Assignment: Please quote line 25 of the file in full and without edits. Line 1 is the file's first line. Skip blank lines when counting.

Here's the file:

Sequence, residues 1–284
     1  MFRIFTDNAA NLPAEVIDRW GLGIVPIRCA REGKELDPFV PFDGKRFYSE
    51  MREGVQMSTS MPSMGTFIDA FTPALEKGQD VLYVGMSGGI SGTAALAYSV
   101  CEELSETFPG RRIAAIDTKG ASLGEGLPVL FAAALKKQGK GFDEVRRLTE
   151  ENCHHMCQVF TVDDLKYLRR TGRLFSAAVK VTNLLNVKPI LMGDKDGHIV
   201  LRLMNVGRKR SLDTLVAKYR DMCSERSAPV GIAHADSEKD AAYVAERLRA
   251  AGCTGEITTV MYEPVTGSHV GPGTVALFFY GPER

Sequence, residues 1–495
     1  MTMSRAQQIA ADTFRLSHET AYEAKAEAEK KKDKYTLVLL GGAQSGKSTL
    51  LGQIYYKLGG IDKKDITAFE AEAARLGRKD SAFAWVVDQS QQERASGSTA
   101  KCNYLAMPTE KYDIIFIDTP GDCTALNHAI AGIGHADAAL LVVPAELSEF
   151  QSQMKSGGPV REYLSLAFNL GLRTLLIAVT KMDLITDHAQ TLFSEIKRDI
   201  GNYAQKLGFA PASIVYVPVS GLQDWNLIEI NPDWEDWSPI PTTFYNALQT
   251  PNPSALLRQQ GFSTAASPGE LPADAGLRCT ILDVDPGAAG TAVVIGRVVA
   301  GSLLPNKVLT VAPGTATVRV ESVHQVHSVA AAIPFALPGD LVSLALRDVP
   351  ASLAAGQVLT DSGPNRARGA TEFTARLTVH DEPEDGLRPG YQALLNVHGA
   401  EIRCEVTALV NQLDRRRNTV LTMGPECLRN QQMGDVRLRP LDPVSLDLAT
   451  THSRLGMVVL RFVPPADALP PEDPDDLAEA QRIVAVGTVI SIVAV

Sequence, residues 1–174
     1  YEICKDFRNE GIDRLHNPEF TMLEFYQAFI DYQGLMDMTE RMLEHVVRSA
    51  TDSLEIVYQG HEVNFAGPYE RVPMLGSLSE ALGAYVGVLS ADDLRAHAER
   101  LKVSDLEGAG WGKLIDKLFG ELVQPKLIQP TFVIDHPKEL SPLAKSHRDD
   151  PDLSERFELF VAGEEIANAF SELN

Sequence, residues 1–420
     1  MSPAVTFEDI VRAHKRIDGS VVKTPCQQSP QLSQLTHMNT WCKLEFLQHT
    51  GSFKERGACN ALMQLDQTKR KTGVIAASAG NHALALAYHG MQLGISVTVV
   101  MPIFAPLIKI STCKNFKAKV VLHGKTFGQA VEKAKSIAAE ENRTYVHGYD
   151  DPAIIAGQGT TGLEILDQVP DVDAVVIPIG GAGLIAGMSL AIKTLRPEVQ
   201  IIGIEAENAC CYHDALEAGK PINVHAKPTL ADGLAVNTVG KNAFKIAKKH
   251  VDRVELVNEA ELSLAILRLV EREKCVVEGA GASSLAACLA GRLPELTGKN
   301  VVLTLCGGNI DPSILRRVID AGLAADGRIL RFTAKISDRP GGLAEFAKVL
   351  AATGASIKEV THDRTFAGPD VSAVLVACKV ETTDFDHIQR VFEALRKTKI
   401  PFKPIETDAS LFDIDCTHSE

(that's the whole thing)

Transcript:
     1  MSPAVTFEDI VRAHKRIDGS VVKTPCQQSP QLSQLTHMNT WCKLEFLQHT